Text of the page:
How to Write a Classical Musician Bio

How to write a classical musician bio?

By Irma de Jong

A good biography is nothing more than making an appealing story from your curriculum vitae. I know for many people, this stresses them out. They don't like to do it, wait until the very last second, and sometimes the biography comes out messy or too long because they don't know what to write or think they do not have the talent to write. So, what is crucial is to understand and master the three steps you need to create your curriculum vitae.

Working on a complete, bright, attractive biography is crucial for you. It is part of your branding!


1. Figures and Facts

You need to work methodically and precisely to assemble the figures and facts that shaped your career in a logical order. Start with your education, when, where, and with whom you started and continued your studies. Next, write down milestones like prizes won at a competition, special awards, or graduations. Then, move on to your stage experiences, including solo and chamber music, and finish by assembling the masterclasses and summer courses you attended and with whom. Should you have made recordings, mention them, the year of production, and the repertoire; any reviews with links are also helpful.


2. What's your story?



I've seen a lot of biographies in my life. When I started to work as a PR and marketing trainee at the orchestra, one of the first things I had to do was edit biographies. This is not as simple as you might think. First, it had to fit in the concert program booklet, which meant I had to cut at least half of the text; then, I needed to be careful not to cut out important things, something that the artist or orchestra finds precious. I also had to make sure it was attractive enough to the audience. For example, many people do one thing to create a summary list of all the halls and countries they've performed, which is the most annoying thing to read!

So, how can we build an exciting and appealing biography out of facts and figures? A suitable method is to use the "interview" format. Interview yourself, or have someone interview you. Take the sheet with the dry figures and facts and start to tell the story that comes with it. Just talk usually, like you had a conversation, and record your voice. After you interview yourself, sit down with the recording and start putting it on paper as a storytelling biography. Feel free to write it out roughly and start polishing only after!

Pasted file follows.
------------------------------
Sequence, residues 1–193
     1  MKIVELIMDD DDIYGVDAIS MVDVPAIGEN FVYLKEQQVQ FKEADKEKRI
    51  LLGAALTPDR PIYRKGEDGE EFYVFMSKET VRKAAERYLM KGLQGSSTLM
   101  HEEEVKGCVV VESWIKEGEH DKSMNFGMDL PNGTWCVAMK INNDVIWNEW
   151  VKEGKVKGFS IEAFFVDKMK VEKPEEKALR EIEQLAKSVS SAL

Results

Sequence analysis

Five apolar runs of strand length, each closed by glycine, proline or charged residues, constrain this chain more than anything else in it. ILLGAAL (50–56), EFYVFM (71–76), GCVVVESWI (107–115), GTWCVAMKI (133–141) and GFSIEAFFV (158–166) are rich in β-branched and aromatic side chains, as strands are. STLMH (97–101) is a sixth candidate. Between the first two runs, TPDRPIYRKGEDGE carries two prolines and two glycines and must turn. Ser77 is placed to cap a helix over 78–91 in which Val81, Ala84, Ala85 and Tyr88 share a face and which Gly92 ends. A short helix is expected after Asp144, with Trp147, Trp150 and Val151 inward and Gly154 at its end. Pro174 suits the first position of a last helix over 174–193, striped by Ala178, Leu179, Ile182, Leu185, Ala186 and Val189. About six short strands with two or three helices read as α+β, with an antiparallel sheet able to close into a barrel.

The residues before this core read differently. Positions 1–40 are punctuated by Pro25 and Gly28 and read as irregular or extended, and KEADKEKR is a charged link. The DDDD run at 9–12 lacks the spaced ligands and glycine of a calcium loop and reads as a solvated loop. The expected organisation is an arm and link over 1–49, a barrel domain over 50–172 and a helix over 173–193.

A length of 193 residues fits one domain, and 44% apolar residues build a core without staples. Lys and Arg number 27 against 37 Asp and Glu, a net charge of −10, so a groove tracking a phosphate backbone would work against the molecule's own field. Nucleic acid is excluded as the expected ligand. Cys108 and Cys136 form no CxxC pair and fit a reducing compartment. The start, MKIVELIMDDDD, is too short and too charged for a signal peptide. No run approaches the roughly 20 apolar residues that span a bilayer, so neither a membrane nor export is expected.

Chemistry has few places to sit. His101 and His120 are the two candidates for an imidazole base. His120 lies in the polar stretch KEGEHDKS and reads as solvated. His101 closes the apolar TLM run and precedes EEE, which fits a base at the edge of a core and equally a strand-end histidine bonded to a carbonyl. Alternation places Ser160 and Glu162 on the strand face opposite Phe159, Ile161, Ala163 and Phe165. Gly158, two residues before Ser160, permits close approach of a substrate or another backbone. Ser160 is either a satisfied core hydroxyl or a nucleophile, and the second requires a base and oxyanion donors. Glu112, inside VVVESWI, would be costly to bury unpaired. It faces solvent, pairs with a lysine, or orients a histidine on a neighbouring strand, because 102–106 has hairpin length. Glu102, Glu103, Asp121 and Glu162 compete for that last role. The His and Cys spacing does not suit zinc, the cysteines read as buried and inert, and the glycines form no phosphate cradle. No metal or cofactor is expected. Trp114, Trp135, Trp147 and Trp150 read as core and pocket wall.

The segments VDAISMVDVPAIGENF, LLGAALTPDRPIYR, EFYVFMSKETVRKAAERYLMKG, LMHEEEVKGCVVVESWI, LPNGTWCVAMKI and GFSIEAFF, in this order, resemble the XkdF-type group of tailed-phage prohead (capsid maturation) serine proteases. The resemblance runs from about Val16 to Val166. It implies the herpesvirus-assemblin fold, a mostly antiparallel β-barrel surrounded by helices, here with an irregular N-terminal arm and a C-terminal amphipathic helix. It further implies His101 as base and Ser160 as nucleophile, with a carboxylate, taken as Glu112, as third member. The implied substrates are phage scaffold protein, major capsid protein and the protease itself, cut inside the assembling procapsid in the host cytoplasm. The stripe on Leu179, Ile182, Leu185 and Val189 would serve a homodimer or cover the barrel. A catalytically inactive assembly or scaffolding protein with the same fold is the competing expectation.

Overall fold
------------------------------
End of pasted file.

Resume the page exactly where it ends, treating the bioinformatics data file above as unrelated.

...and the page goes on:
Now you have two parts of the biography:

  1. a Fact and Figures sheet
  2. a Story


3. Extract a short and long version and the elevator pitch

From your long storytelling biography, you must extract a short version. Remember that any organizer or promoter will never use the entire length. To ensure they use the best elements, prepare a short version of your biography with essential information and no more than 350 words.

For what purpose do you need your biography?

First of all, for what purpose will you use your biography? To apply for a position at an orchestra? Or for a competition? Do you have a concert and the promoter asked you for a biography? Do you want to write to a festival or promoter to present yourself?

You must write differently for each purpose and mix your "ingredients" magically.


A summary

Start building your biography with a couple of mixed and reconstructed elements according to the purpose. We have:

FACTS > The base for your biography, build on the dry facts

A STORY > The story that comes with the facts

Flavours> What colors light up your biography, or do you want to put them in the front?

IMPRESSION MAKERS > What impresses people? Did you perform with a famous orchestra? Have you won an exceptional price? In what way are you unique in your performance?

Compose a short biography and have your elevator pitch ready!

Make sure you have a biography of no more than 700 words, compose a smaller version of 350 words and an elevator pitch of 3 phrases. Use headlines and paragraphs to make your biography "scannable" on your website. If you have, use positive quotes from the press as a headliner. Add some personal texts, a personal quote, or your artist's life mission. 

Last, be consequent in writing, find your style, and be authentic.


Irma de Jong is an artist and Project Manager at the agency Cicerone Music & Art, owner. She has worked in classical music for more than 30 years and has collaborated with many renowned artists and orchestras. She is also the executive director of iClassical Academy.

Irma created an online self-management course for musicians to empower and encourage artists to change their careers. Writing a good biography is a part of this course, which includes a three-step plan for creating the perfect base biography for all activities.


> Find How to Write a Good Biography course here

> Full self-management course here

Private Interactive Course with Irma de Jong

Are you ready to boost your career 100%?

A crucial change in the direction of your career will not happen overnight. That's why Irma needs to work with you for at least two months, with each week different topics of your career planning to be treated depending on the plan you'll establish together with Irma. After that, you'll work directly on implementing the skills she'll teaches.

How to Write a Classical Musician Bio ultima modifica: da iClassical Foundation